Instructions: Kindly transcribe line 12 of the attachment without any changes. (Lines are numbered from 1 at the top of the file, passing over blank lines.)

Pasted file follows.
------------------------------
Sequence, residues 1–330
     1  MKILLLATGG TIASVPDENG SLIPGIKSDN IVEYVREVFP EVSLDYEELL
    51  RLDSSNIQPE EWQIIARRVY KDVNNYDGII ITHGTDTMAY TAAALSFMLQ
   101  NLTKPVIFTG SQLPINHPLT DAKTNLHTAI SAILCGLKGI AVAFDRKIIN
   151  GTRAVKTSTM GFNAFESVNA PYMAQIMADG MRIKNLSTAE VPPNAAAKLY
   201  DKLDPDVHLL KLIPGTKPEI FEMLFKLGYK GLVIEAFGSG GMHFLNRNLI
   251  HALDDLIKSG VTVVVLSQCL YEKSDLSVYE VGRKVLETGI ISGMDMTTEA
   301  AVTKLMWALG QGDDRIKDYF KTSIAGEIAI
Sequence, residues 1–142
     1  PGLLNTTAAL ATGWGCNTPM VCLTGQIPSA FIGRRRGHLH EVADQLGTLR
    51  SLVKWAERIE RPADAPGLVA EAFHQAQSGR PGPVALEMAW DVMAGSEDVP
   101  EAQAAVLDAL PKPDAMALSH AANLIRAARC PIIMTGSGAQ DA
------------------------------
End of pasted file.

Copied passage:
   101  EAQAAVLDAL PKPDAMALSH AANLIRAARC PIIMTGSGAQ DA